Half view under and above the surface of an iceberg in Antarctica
WESTERN AUSTRALIA: Half view under and above the surface of an iceberg in Antarctica © Florian Ledoux/TNC Photo Contest 2019

Global Insights | Perspectives

The IPCC Ocean and Cryosphere Report: 3 Big Things to Know

What's in the latest UN climate report, and why it matters

Melting ice and rising sea levels are perhaps the most iconic impacts of climate change, but these and other changes happening in the ocean and cryosphere—the parts of the earth’s surface covered in ice—are more complex and much more severe than commonly recognized.

That’s the reason for the latest report from the Intergovernmental Panel on Climate Change (IPCC). The Special Report on the Ocean and the Cryosphere in a Changing Climate (SROCC) emerges from an unprecedented request by national governments concerned about the insufficient data regarding climate effects on the ocean and ice on land and in water.

The ocean has absorbed more than 90 percent of the excess heat in the climate system since 1970, according to the report, but not without consequences. Marine ecosystems have been substantially altered by warming, acidification and deoxygenation. Without immediate steps to mitigate further warming and protect marine and frozen environments, we face a severe negative feedback loop of climate breakdown and degradation of ocean and ice-dependent ecosystems.

The report arrives right in the middle of New York Climate Week, and while the UN Summit has passed, the report will likely influence ongoing conversations among international stakeholders. Here are three key issues highlighted in the report.

We’ll see food and water security challenges

Climate impacts often manifest first and most fiercely through water. Rising sea levels can cause saltwater intrusion into both ground and surface freshwater sources—a particular threat for small islands with shallow aquifers. And rapidly melting glaciers mean water shortages for communities in high-alpine areas as well as lower altitudes that depend on glacial-fed rivers.

Water shortages often translate to food shortages, too, and saltwater intrusion threatens crops like taro that many tropical island communities rely on. Warmer, more acidic oceans are also altering marine ecosystems and changing species migration patterns. Habitat loss, combined with overfishing, threatens to further deplete the stocks that feed much of the world.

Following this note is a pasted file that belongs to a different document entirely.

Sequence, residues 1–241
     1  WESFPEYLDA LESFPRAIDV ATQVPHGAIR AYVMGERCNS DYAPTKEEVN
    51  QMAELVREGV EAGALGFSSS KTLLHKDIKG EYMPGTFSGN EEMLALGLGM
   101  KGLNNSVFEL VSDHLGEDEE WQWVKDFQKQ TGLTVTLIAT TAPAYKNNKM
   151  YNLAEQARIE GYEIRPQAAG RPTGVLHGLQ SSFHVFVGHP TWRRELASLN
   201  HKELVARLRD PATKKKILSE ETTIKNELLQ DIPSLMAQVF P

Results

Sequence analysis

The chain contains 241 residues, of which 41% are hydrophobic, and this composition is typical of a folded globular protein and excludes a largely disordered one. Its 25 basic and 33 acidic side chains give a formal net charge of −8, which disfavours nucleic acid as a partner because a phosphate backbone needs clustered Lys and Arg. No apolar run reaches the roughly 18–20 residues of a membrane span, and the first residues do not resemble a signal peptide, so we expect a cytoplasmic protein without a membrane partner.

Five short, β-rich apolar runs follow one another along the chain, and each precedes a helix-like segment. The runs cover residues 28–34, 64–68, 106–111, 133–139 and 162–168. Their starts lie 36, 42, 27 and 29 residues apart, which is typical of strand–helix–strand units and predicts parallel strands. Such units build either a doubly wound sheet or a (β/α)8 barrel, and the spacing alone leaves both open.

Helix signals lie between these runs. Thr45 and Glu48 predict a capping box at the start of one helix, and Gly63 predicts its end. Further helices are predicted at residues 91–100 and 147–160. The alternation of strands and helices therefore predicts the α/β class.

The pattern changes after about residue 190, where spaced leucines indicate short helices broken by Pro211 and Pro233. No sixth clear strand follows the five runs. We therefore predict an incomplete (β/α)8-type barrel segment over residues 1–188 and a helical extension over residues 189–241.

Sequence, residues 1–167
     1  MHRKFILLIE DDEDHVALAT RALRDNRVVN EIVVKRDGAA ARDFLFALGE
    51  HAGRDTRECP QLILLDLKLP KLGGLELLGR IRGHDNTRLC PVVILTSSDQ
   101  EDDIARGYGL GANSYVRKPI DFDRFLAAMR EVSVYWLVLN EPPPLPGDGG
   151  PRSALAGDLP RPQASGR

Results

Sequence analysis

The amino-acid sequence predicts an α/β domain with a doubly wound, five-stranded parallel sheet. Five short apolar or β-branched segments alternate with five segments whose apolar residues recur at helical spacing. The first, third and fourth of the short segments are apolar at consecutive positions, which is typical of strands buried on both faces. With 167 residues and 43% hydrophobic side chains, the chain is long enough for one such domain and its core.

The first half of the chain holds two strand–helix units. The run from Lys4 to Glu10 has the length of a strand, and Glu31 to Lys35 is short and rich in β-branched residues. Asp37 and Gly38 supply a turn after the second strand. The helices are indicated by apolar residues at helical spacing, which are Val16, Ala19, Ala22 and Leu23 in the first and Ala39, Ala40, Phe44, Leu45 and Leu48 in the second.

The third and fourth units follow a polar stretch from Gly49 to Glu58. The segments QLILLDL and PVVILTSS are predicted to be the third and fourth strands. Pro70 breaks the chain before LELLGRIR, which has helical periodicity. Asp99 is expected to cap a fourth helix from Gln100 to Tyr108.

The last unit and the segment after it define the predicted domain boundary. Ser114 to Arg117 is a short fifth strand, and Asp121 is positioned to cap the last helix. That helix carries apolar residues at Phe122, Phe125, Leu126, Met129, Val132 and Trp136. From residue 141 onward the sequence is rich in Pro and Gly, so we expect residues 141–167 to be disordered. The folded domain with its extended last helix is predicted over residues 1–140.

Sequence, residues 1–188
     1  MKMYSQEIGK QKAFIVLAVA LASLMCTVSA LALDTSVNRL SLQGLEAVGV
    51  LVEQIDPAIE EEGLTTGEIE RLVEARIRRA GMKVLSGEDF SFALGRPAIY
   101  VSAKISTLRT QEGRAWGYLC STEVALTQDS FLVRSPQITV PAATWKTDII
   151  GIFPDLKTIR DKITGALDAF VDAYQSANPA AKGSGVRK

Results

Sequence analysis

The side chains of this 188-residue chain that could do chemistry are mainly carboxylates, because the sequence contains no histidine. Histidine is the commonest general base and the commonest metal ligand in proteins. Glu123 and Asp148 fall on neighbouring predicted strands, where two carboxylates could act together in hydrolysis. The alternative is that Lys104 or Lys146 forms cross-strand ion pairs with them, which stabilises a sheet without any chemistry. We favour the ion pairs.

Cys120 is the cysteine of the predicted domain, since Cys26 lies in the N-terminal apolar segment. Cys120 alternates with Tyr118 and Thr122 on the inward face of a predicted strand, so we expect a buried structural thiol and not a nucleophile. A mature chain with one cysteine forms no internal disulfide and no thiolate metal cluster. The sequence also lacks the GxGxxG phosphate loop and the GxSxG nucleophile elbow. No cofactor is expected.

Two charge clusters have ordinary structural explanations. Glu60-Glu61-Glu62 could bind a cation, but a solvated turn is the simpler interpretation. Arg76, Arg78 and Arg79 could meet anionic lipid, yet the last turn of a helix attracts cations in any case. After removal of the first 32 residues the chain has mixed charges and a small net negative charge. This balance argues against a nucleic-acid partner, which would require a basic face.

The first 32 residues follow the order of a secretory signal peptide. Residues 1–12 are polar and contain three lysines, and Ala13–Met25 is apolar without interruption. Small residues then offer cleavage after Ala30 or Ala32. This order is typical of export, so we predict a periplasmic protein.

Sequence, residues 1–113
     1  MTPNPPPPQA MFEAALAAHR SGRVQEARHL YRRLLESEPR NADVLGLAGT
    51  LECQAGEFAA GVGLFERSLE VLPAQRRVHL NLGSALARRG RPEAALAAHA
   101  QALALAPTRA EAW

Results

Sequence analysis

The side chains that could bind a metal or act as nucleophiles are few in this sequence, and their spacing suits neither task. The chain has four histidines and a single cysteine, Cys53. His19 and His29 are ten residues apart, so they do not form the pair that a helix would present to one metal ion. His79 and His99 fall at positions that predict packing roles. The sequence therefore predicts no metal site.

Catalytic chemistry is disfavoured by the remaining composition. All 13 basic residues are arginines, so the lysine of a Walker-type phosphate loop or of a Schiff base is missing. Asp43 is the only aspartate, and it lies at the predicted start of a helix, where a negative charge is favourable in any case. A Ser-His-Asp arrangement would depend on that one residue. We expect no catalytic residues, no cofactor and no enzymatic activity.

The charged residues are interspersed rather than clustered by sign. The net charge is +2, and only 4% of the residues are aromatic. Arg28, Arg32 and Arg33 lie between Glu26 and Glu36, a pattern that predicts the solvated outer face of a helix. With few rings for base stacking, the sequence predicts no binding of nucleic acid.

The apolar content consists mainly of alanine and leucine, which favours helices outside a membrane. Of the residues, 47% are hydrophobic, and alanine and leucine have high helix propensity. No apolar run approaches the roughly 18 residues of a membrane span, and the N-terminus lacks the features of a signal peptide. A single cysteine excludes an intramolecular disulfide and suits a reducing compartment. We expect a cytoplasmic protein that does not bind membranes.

Better management of these fishing stocks will be crucial. That means changes within that sector, but to see change at scale we need a High Seas Treaty that ensures the 50 percent of our planet covered by the high seas is protected and managed sustainably. Sustainable aquaculture, with its relatively low resource inputs and GHG emissions, can also help address food security issues. 

These challenges affect everyone, but not equally

Nearly two billion people live in low-elevation coastal zones, in high-alpine regions, and in the polar regions—but the whole planet depends on the ocean and the cryosphere. Changes in these systems affect food supplies, shipping routes, telecommunications, national sovereignty and the climate itself on a global scale.

Still, coastal and island communities will bear some of the earliest, most severe impacts—and the rapid rate of development in these regions may exacerbate these impacts. By 2030, urbanization could transform 144,000 square kilometers of coastal zones—an area larger than Greece. Smart development is required to ensure that nature—and 40 million seaside residents—can thrive well into the future.

And the worst climate impacts of all are projected to fall squarely on those that have been historically marginalized. This is true for entire nations—especially the small island nations that are already facing existential threats from sea-level rise–but also for specific population segments within them. In many places women are the primary managers of natural resources, even as they face increased violence in the wake of natural disasters. As climate stress ratchets up, proactive, inclusive planning is required to prevent globally pervasive social disparities from multiplying.

Investing in nature could be a gamechanger—but we have to act now

Nature is the first line of defense for many coastal communities. Coral reefs nurture biodiversity and protect coasts from storms—a healthy reef can absorb up to 97 percent of a wave’s force. Mangroves and other coastal wetlands provide similar benefits while also locking billions of tons of carbon in their root systems.  

But climate change and other threats have reduced coastal wetlands by 50 percent in the last 100 years and endangered coral reefs, impairing the protective services they provide. Preserving the potential that remains requires urgent action—and that requires funding. Innovative finance mechanisms can drive the ambitious conservation efforts needed to protect more of the ocean by preserving and managing marine resources.

One example of such initiatives is The Nature Conservancy’s Blue Bonds for conservation, which leverages philanthropy, impact investment and debt restructuring to support coastal and island nations as they drive a more sustainable ocean economy. In addition to finance strategies like Blue Bonds, innovative mechanisms like insurance for coral reefs can help protect and restore vital habitats that shelter coastal areas.

The clock is ticking. Given the degree of certain warming and sea-level rise that is already in motion, it’s imperative we take every possible measure to help communities adapt to the threats they face today. 

Resources

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    Playbook for Climate Action

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    Five ways to spark global, multisector change for the planet right now

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